A liberal corruption watchdog group broke with its ideological brethren to defend the for-profit college industry from regulatory assault. Meanwhile, it was apparently receiving money indirectly from a leader in that industry.
Citizens for Responsibility and Ethics in Washington is a liberal nonprofit group founded by Melanie Sloan, a former top Democratic aide to the House Judiciary Committee. CREW rails against Washington corruption, training fire on both parties but tilting decidedly left.
So when the Obama administration and the Left started going after for-profit colleges, it was noteworthy that CREW took the other side. Liberal reporter Mike Elk reported on the odd alliance at the time, and pointed to a potential trail of money connecting the for-profits to CREW. A forthcoming report by the Center for Consumer Freedom has finally connected the dots, suggesting that CREW’s position was fueled by money from Peter Sperling, chairman of the Apollo Education Group, which owns the for-profit University of Phoenix, and his late father John, who founded the school.
Most colleges and universities are either state-run (such as University of Maryland) or nonprofit institutions (such as Johns Hopkins). Recent years have seen a boom in for-profit colleges, which tend to be chains such as Kaplan College and the University of Phoenix.
Labor unions, among other Democrat-aligned special-interest groups, dislike the for-profit colleges, which threaten to disrupt the comfy world of academia. But for-profit colleges hardly have a claim on being capitalist innovators. The industry is largely built around capturing federal subsidies in the form of student aid.
The Obama administration, seeing the leverage they had over the industry, pushed new rules conditioning federal student aid to for-profits on the schools' success in landing students in decent jobs — known as “gainful employment” standards.
There’s a legitimate policy debate to have here: Should taxpayers subsidize colleges — nonprofit or for-profit? Should the colleges’ effectiveness matter? Should job placement be a core measure of that effectiveness? A related question that gets little attention: How nonprofit are the "nonprofits," which look like resorts and rake in enormous tuition payments while paying pitiful wages to their adjunct faculty?
But in Washington, when policy debates involve federal money, the substantive arguments get overwhelmed by machinations of special interests standing to make a buck on either side.
For-profit colleges and their investors lobby against the administration's push to stanch the flow of federal aid. Apollo Education Group hired K Street firms including Skadden, Arps and Elmendorf Ryan to lobby on the issue.
Meanwhile, investment firms had taken a short position on the for-profit companies' stock. They were pushing for the gainful-employment rules. In a 2010 Senate hearing, Democrats even brought in Wall Street short-seller Steve Eisman to testify against the colleges — when Eisman stood to profit from the proposed regulations.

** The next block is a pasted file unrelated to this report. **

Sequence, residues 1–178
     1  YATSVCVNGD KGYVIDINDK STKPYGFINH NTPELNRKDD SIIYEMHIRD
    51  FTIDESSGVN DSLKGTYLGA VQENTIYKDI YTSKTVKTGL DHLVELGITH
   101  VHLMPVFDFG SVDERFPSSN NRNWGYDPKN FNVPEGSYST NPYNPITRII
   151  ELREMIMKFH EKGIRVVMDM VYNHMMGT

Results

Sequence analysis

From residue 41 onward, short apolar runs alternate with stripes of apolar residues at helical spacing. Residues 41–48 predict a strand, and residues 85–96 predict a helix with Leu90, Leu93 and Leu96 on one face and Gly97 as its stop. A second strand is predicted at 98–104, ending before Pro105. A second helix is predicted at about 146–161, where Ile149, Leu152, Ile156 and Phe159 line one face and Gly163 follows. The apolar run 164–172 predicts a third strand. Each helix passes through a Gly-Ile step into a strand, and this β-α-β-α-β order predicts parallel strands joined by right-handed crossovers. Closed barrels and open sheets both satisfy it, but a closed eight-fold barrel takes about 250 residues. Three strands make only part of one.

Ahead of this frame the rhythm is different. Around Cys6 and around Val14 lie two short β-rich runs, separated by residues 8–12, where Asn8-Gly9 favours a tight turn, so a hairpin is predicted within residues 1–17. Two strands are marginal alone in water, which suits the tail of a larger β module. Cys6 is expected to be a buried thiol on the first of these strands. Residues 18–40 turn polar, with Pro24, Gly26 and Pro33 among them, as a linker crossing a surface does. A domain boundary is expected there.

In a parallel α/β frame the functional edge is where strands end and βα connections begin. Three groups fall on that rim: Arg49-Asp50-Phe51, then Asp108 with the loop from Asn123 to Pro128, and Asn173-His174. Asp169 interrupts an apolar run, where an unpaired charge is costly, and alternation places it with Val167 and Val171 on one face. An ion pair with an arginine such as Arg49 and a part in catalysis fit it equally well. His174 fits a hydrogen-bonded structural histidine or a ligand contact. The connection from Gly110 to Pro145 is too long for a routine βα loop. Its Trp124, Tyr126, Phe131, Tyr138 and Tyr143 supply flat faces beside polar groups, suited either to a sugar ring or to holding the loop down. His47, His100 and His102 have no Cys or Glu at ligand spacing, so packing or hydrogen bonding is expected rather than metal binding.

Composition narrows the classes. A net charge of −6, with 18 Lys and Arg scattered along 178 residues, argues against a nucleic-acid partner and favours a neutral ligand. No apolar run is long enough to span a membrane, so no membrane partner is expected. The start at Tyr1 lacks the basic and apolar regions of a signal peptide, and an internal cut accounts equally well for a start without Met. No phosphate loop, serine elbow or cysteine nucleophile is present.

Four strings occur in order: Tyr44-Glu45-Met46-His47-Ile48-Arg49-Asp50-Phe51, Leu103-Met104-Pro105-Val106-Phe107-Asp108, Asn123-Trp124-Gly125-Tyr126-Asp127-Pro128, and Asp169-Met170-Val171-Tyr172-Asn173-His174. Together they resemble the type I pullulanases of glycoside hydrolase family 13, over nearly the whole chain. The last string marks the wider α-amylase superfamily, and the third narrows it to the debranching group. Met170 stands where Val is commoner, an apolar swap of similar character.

CREW blasted Eisman’s role, rightly pointing out the unsavoriness of the situation. But in defending the for-profits, this liberal group brought scrutiny upon itself. Who was bankrolling CREW’s campaign against Eisman?
The money trail leads to the Sperlings, the family that founded the University of Phoenix.
John Sperling, who passed away Aug. 22, also founded the Aurora Foundation. Tax filings show that the charitable foundation provides almost all funding — $7 million between 2007 and 2012 — for an obscure Las Vegas charity called the Civic Duty Foundation.
The Civic Duty Foundation gave $150,000 to CREW in 2010 and 2011, when CREW was campaigning on the side of the for-profit colleges.
Civic Duty Foundation lists no employees on its tax forms. Its “principal officer,” according to tax forms, is Maria Morales of Sacramento, Calif. Maria Morales is a managing partner at a lobbying firm, JG Associates, run by Jim Gonzalez, a Democratic political operative. Gonzalez was a close associate of the Sperlings.
In 2008, while the Sperlings were trying to pass a renewable energy ballot measure in California, the New York Times wrote that Gonzalez “helped draft the ballot initiative for John G. and Peter Sperling, the father and son who founded the University of Phoenix and are each worth hundreds of millions of dollars.”
The Center for Consumer Freedom’s paper connects these dots and others, suggesting strongly that CREW isn’t above mixing money and policy.
I called and emailed Gonzalez, Morales, CREW, and the University of Phoenix. None responded to me by deadline. The CCF told me they receive no money from anyone involved in the for-profit college debate.
It is worth mentioning that CREW and CCF are mortal enemies. CREW’s “Scandals and Scoundrels” features two smiling head shots of CCF founder Richard Berman, blasting him for his publicity work for the tanning bed and food industries. CCF is funded by the food industry and opposes restrictive government food regulations.
In Washington, both sides often have decent arguments. But both sides also tend to be funded by special interests which stand to get rich off the outcome.
*UPDATE: This column has been updated to include the role of Mike Elk at the American Prospect in first reporting on this connection.Timothy P. Carney, The Washington Examiner's senior political columnist, can be contacted at email@example.com. His column appears Sunday and Wednesday on washingtonexaminer.com.